Photo: Stock

Photo: Stock

Minimum wage bump far from living wage in Greater Trail

The minimum wage is rising in B.C. but it is still a long way from being a living wage in Greater Trail.

B.C.’s minimum wage will increase from $15.20 to $15.65 on June 1, becoming one of the highest in Canada. Yet, the cost of living varies in communities throughout the country and it is no different in B.C.

According to Canadian Centre for Policy Alternatives, the living wage indicator is the amount of income needed for a household of two working parents and two children between the ages of four and seven to meet their basic needs. The living wage varies depending on household costs specific to the community, such as the cost of housing.

That difference can be seen in West Kootenay towns such as Trail where the living wage is estimated to be $18.15 per hour, while in Nelson it is as high as $19.56.

As part of the province’s poverty reduction strategy, an increase in minimum wage could lift 20,000 people out of poverty, however, the 2.8 per cent increase is tied to B.C.’s annual inflation rate, so it is unlikely this will reduce the gap between the minimum wage and the 2022 living wage.

When it is calculated, inflation will adversely impact the living wage as well.

The Village of Fruitvale committed to the living wage paradigm in June 2021, and to pay its employees and contractors a minimum of $18.83 per hour according to the amount calculated in 2021.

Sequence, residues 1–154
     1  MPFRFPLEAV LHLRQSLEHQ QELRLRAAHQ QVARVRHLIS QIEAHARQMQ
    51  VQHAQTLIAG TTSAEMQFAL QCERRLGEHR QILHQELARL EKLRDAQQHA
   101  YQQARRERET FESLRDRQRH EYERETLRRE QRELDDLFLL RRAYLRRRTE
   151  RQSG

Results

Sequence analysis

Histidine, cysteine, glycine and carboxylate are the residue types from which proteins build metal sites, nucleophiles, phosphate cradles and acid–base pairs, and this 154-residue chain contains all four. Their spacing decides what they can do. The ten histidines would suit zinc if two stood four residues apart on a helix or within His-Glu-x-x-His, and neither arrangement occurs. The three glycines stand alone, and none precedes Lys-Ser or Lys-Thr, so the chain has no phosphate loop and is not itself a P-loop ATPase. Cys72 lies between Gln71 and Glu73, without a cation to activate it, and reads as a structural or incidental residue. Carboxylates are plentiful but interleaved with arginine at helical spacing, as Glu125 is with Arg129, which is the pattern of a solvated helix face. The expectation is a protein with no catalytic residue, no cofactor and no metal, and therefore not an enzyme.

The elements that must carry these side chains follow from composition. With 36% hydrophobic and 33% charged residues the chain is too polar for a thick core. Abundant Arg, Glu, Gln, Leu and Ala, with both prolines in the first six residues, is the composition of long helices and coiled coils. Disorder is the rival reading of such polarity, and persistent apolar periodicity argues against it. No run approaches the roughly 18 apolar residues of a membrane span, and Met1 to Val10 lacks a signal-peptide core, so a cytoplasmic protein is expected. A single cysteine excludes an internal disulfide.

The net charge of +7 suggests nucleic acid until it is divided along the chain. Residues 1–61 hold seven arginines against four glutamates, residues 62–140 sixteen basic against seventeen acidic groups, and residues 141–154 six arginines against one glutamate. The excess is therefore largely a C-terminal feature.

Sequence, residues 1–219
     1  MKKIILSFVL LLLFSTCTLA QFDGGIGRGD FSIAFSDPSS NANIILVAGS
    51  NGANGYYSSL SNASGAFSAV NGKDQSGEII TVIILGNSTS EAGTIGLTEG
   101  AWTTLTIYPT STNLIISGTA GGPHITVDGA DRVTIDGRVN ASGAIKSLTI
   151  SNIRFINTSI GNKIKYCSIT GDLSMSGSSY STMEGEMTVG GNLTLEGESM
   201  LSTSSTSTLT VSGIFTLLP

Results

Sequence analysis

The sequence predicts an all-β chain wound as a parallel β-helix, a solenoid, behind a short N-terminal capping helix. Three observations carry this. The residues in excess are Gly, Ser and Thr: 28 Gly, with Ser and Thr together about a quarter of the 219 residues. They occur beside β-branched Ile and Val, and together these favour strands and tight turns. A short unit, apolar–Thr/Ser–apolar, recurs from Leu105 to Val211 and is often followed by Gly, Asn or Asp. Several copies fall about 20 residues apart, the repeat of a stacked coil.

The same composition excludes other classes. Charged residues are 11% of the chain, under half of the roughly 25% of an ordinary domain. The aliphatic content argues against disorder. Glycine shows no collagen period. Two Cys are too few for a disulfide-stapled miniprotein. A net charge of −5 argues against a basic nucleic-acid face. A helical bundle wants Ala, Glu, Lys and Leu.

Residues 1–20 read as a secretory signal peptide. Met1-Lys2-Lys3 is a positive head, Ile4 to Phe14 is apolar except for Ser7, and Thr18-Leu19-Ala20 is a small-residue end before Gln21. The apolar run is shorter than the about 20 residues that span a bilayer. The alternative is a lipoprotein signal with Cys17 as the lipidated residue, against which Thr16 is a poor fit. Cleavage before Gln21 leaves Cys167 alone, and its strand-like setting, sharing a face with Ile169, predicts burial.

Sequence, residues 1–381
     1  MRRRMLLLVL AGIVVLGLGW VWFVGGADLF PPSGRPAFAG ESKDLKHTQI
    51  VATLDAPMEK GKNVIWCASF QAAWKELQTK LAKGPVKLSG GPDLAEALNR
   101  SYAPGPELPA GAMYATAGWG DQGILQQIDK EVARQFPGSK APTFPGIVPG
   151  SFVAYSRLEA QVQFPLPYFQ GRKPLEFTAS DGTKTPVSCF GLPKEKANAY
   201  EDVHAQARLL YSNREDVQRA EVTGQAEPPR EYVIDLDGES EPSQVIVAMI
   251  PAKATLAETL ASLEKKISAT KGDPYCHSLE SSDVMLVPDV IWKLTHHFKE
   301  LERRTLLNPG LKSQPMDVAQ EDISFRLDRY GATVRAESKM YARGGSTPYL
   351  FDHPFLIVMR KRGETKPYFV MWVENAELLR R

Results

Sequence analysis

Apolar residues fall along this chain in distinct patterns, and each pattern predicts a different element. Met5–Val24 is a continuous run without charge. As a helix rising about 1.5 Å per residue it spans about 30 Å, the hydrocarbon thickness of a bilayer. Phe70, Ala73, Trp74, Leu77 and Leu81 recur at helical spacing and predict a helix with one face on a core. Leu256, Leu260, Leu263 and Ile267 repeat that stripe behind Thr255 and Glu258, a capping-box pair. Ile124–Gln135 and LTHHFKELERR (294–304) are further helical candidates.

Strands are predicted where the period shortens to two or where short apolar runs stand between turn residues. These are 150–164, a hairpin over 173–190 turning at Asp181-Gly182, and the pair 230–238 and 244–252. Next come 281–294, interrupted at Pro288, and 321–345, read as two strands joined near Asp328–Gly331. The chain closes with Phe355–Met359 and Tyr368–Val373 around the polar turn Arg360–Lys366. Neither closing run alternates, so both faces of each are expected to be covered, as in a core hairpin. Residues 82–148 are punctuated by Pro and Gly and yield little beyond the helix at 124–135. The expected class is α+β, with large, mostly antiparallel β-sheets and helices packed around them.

Fruitvale joins Trail, Rossland, Warfield and Montrose in adopting an official poverty reduction plan and are working together on strategies to help their communities thrive.

Government policies can help address the gap between minimum wage and living wage.

As an example, pilot projects underway throughout the province are testing a $10-a-day childcare program. A living wage report indicates that $10-a-day child care could lower the living wage by nearly $2 per hour.

In the study, Cranbrook had the lowest living wage calculated in 2019 at $14.38 per hour, which has previously been attributed to transportation, childcare, and housing all being considerably more affordable in that community.

Cranbrook did not participate in the 2021 study. Those that did include Columbia Valley $17.18, Golden $19.46, Grand Forks $17.21, and Revelstoke at $19.51.

All living wages calculated in 2021 for Columbia Basin-Boundary communities are higher than the provincial minimum wage in 2021 of $15.20 per hour.

City of TrailMinimum Wage